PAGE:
We forget that our performance is never good enough to be acceptable to Him. The only way we can relate to God is through the blood and righteousness of Jesus Christ. It is only the blood of Jesus that will cleanse us from a guilty conscience and give us the confidence to enter into the presence of God (Hebrews 10: 19-21).

The older son was in the presence of his father, but he seemed oblivious to the fact that he was a son. He had never understood the heart of his Father, and this severely affected his self-image.

The older son must connect to his Father, for it is the only way to establish his identity. But, because he spent more time in the fields than in the presence of his father, the eldest son was unable to look intently into the face of his father. He was not able to discern what was in store for him and the destiny that was before him. Therefore, he behaved like a slave instead of as a son. He acted differently by acting as if he did not have a home, when, in fact, he had legal rights as an heir. The father said to him, “Everything I have is yours.” (Luke 15: 31, NIV) For as long as the elder brother could remember, he had always been with slaves, so it did not occur to him that he, too, was part of the household and not just a hireling.

The older brother proves that you don’t have to be a backslider in order to live outside of the Father’s love. You can be always be in “your place” of service, work hard, and still live outside of His love.

There is a major difference between knowing there is a Father and believing that He is Father to us. We have said the Lord’s Prayer countless times. In the opening verse it says, “Our Father in heaven…” Jesus’ words demonstrate a correct understanding of who the Father is and where He dwells. But more importantly, there is the correct emotion that must come to make that utterance potent and effective. No one can say Father without affection. When we pray to God for His blessing, He does not examine our performance to see if we are worthy. Rather, He looks to see if we are trusting in the merit of His Son as our only hope for securing His blessing. To repeat: We are saved by grace, and we are to live by grace every day of our Christian lives.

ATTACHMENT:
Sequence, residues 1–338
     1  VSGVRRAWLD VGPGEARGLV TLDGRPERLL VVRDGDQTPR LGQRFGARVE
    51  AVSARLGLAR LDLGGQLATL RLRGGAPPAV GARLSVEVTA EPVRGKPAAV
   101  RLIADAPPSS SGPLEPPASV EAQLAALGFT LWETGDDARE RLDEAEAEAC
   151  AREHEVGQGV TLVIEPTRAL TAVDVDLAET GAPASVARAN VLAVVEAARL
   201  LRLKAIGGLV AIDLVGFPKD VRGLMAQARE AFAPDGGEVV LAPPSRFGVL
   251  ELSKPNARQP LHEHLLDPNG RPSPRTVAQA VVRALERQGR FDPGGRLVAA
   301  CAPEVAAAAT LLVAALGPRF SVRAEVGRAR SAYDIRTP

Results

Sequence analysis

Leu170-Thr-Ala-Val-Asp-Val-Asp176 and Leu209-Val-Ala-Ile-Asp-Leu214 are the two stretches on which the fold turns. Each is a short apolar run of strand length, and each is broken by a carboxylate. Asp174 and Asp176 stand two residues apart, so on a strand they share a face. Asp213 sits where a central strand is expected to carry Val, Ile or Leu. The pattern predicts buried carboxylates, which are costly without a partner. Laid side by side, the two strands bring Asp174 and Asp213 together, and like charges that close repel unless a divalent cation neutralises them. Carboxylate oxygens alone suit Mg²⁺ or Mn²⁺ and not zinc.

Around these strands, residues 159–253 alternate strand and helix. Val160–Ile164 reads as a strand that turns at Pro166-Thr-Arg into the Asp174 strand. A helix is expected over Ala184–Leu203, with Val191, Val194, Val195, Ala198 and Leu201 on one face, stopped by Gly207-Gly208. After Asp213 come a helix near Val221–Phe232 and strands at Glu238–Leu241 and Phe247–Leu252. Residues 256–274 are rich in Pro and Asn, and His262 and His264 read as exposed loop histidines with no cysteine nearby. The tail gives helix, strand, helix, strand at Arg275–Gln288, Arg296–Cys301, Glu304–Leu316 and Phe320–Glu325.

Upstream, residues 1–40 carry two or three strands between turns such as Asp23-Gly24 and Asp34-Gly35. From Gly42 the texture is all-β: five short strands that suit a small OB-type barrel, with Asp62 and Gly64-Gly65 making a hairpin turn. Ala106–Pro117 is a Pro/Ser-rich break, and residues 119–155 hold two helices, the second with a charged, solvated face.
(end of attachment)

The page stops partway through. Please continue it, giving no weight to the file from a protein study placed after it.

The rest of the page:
We have seen there are actually two brothers in the Parable of the Lost Son. Both of them tried to live life outside the home. The prodigal son decided to put as much distance as he could from his father and spent all his time and money pursuing the things he thought could make him happy and satisfied with life. The devout brother, on the other hand, also lived outside his father’s will for he thought he could impress his father by working in the fields along with the slaves. Both of the brothers represent the way the world deals with Father God. Both of them fell short of God’s glory, and both of them needed to come home.

We believers do need to be challenged to a life of committed discipleship, but that challenge needs to be based on the gospel, not on duty or guilt. Duty or guilt may motivate us for awhile, but only a sense of Christ’s love for us will motivate us for a lifetime. If the love of Christ for us is to be the motivating force for a life of discipleship, how then can we come to the place where we are acutely conscious of His love? The answer is, through the gospel. It is, of course, the Holy Spirit who pours out His love into our hearts (Romans 5: 5), but He does this through the message of the gospel. The good news of the gospel is that Jesus paid for all our sins on the cross and that we are thereby forgiven. As we continually reflect upon that gospel, the Holy Spirit floods our hearts with a sense of God’s love to us in Christ. And that sense of His love motivates us in a compelling way to live for Him.

Jesus made it unmistakably clear that the knowledge of the truth will set us free. “You will know the truth, and the truth will make you free” (John 8: 32). Good feelings will not free us. Ecstatic experiences will not free us. Getting “high on Jesus” will not free us. Without a knowledge of the truth, we will not be free.

We need to continue to hear the gospel every day of our Christian lives. Only a continuous reminder of the gospel of God’s grace through Christ will keep us from falling into “younger son-older son” thinking, wherein we think our daily relationship with God is based on how good we’ve been.

It is only the joy of hearing the gospel and being reminded that our sins are forgiven in Christ that will keep the demands of discipleship from becoming drudgery. It is only gratitude and love to God that comes from knowing that He no longer counts our sins against us (Romans 4: 8) that provides the proper motive for responding to the claims of following Jesus.